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  1. #21
    Sugar Hiccup OrangeAppled's Avatar
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    Quote Originally Posted by Orobas View Post
    Can you clarify why Jung felt all introverted functions tapped into a "collective" unconscious? Oddly I totally get that Ni does this, although I dont understand it. You end up with repeated symbols. I sorta can poke around and understand perhaps how we might form Ti and Fi although I dont get how they connect to a collective unconscious. They seemed to be some sort of primordial glue that gets molded, but The Xi dom understanding is likely much more clear. So how does Si actually form and connect to a collective past?

    I sometimes wonder, (prepare for blasphemy) since Jung was an INTJ, with Si as his own least understood function-would he be able to clearly explain what Si is without contaminating that understanding with his own understanding of Ni? I have no idea.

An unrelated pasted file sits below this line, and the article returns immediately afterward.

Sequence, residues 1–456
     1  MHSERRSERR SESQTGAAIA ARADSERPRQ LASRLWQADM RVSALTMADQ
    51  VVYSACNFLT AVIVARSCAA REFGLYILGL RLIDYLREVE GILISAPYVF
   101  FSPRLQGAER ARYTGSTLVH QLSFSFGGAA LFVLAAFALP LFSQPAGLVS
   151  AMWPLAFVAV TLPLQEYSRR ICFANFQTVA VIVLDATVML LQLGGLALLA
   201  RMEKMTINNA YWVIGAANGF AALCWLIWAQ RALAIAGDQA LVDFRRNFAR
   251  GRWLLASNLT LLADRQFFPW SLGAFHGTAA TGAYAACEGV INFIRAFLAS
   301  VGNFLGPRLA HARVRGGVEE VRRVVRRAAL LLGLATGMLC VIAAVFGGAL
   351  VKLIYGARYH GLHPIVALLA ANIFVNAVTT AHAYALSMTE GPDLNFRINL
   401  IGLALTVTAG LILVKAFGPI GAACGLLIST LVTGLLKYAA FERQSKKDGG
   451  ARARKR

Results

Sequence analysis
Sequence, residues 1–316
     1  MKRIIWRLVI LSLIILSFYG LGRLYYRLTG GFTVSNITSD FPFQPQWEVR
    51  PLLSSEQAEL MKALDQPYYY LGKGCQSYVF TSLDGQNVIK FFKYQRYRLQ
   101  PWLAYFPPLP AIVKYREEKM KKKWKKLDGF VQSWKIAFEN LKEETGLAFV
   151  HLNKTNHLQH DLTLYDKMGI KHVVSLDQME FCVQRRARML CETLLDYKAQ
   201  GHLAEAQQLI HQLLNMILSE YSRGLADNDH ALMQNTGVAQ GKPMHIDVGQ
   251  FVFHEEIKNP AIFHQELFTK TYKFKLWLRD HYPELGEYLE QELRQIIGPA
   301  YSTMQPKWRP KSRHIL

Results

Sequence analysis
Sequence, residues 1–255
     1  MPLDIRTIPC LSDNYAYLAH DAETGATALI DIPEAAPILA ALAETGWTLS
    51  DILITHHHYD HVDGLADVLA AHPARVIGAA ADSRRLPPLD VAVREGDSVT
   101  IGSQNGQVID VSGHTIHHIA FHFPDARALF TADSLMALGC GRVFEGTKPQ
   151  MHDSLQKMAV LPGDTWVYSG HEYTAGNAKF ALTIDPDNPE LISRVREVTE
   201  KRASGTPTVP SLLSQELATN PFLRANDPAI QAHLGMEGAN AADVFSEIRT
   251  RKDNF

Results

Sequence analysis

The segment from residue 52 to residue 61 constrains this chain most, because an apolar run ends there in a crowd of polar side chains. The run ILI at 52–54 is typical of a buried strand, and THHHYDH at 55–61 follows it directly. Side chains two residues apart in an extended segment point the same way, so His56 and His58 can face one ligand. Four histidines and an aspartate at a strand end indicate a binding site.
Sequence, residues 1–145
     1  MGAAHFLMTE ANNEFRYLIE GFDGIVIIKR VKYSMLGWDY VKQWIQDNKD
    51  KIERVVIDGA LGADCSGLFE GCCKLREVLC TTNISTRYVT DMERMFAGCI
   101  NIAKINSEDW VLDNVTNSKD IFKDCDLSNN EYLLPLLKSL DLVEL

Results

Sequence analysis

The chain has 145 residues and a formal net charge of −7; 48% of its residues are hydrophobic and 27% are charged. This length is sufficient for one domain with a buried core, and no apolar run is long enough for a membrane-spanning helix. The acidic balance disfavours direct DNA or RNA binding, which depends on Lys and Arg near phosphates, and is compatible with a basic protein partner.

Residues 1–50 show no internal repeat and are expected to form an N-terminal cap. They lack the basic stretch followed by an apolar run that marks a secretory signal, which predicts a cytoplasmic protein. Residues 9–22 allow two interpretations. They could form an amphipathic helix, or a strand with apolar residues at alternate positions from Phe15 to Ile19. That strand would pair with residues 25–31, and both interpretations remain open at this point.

(I admit utter laziness, blatant speculation, and shall go wonder off and reread the Si section in PT now.)
    Hm...I think Jung is INTP, but that's another thread

    Okay, tangent time...

    My understanding of the collective unconscious (which is a bit hazy) is that it's a sort of inherited knowledge, something like psychological instincts (as opposed to physiological instincts). I believe Jung uses this theory to defend the validity of the introverted viewpoint. Extroverted functions have a connection to reality, so that they are validated by objects verifiable by others. The introvert does not have this, but they do have a closer access to the collective unconscious which gives some weight to their perspective/judgment; it's not just arbitrary memory or values or logic or future vision, but there's a universal aspect to the concepts behind them, concepts which are recognized by others as true, even if not easily verified by anything tangible. I think this is why people may say introverts are "deep" where extroverts are "broad".